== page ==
Exercise in Short Spurts All Day
You don’t have to find 30- to 60-minute time slots in your day to work out; taking quick workout breaks throughout the day can be just as effective. A University of Texas study found that short bursts of exercise peppered throughout the day may help boost fat metabolism and offset the effects of being sedentary. Schedule fitness “snacks” between calls or on the hour. You can do a set of five to 10 pushups or dips, jump rope or do jumping jacks for a minute, go up and down the stairs a few times or do a set of 10 to 15 squats or lunges.
Set Up a Sleep-Friendly Bedroom
Artificial light at night can disrupt sleep by increasing alertness and blunting the body’s secretion of melatonin, a hormone that helps manage your sleep-wake cycles. To optimize sleep, cover windows with blackout shades and move light-emitting devices such as cell phones to another room. Also keep temperature in mind: Your core body temperature dips at night, which helps you feel sleepy, so setting your thermostat between 60 and 67ºF can help you feel drowsy and fall asleep more easily.
Prevent Cabin Fever
It’s no secret that feeling cooped up and trapped is stressful—luckily, there are strategies to combat it.
For one, make sure you get outside every day; research shows that exposure to nature can benefit mental health and give you a general feeling of well-being. Another strategy is to make a list of tasks you’ve been meaning to get around to and take steps to complete them. For example, you might have a closet you’ve been meaning to organize, photos you’ve wanted to digitize, or clothing to gather and donate or recycle. In moments of restlessness, you can grab that list and tackle one.
Small acts of kindness also can boost happiness, according to University of Oxford researchers. Send a card or gift to a friend in need, buy a stranger a coffee, or check out VolunteerMatch.org or other volunteer organizations to find safe ways to help out and give back that fit within your schedule.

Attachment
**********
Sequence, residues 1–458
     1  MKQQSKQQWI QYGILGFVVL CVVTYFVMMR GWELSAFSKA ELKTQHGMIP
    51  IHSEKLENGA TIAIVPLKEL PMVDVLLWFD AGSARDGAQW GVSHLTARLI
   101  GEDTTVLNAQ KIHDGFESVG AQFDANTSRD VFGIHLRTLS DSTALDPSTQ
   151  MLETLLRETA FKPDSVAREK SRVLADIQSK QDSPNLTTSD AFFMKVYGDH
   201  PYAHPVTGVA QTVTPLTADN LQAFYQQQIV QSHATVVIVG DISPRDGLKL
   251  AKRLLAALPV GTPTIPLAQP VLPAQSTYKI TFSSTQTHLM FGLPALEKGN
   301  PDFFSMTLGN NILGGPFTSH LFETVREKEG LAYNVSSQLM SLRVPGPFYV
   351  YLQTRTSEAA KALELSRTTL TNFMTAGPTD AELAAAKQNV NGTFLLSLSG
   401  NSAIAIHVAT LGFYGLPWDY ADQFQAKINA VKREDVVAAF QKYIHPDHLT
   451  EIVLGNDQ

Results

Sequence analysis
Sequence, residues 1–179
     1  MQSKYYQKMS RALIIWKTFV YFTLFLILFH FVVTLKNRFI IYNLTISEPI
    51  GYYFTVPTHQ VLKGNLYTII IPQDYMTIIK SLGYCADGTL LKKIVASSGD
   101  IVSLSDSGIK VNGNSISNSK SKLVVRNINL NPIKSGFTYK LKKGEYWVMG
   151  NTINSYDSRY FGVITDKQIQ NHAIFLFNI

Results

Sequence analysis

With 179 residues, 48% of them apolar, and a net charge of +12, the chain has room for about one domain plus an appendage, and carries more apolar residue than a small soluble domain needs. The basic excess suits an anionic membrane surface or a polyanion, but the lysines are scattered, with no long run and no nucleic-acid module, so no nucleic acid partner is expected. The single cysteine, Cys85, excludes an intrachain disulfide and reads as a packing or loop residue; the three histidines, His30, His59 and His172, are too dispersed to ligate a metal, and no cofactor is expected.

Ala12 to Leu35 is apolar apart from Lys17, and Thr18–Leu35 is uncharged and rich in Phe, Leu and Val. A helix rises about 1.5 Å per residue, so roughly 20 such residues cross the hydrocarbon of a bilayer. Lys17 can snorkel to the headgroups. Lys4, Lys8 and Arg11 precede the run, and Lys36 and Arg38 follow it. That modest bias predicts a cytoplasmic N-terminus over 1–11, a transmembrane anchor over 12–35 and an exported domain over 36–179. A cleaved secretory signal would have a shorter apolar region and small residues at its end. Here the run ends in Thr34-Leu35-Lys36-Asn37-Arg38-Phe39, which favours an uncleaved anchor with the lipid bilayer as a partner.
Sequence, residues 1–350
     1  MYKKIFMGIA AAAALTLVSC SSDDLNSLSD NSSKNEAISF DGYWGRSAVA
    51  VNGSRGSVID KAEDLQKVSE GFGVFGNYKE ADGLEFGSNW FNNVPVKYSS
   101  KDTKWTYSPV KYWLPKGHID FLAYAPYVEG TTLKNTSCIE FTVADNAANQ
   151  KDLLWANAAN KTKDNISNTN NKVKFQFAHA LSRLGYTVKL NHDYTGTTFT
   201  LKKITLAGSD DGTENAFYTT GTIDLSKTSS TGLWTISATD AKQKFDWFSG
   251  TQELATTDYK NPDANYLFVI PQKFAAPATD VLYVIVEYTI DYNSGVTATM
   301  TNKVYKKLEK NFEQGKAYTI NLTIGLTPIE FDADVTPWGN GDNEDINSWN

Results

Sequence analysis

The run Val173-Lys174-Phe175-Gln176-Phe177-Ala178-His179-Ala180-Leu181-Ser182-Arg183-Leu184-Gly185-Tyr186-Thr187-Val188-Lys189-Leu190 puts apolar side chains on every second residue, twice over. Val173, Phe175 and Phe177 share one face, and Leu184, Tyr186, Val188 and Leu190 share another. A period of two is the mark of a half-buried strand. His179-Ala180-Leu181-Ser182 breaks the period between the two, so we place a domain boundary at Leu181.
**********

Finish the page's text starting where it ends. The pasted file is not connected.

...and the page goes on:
The pandemic may have caused you to be both isolated and too crowded simultaneously. You may be isolated from friends and family you don’t live with while being around immediate family members constantly. Finding a little solitude and also some connection are key, Albers says. “It’s important to have some ground rules within the house around what kind of space you need and how often and communicating that really clearly to your family members,” she says, adding that it’s helpful to make it clear that this is something you need for yourself and not a rejection of them. “For the people on the other end of the extreme who don’t have a lot of connections, putting in that effort is incredibly important. We need connection for our mental health. So this is a great time to reach out to people through email, Zoom, and good old-fashioned phone calls.”
Purify with Plants
Did you know it was NASA that discovered that some common indoor household plants can purify the air inside your home? It’s true! NASA even calls these plants “nature’s life support system.” Certain indoor plants absorb particulates from the air as the plant takes in carbon dioxide. These harmful compounds are then turned into valuable oxygen through photosynthesis. Several of these plants can even filter out toxic volatile organic compounds (VOCs) found in carpets, paint, and other materials within the home. These pretty plants are perfect for this air-purifying project:
- Bamboo palm
- Peace lily
- English ivy
- Gerbera daisy
- Aloe vera
- Chinese evergreen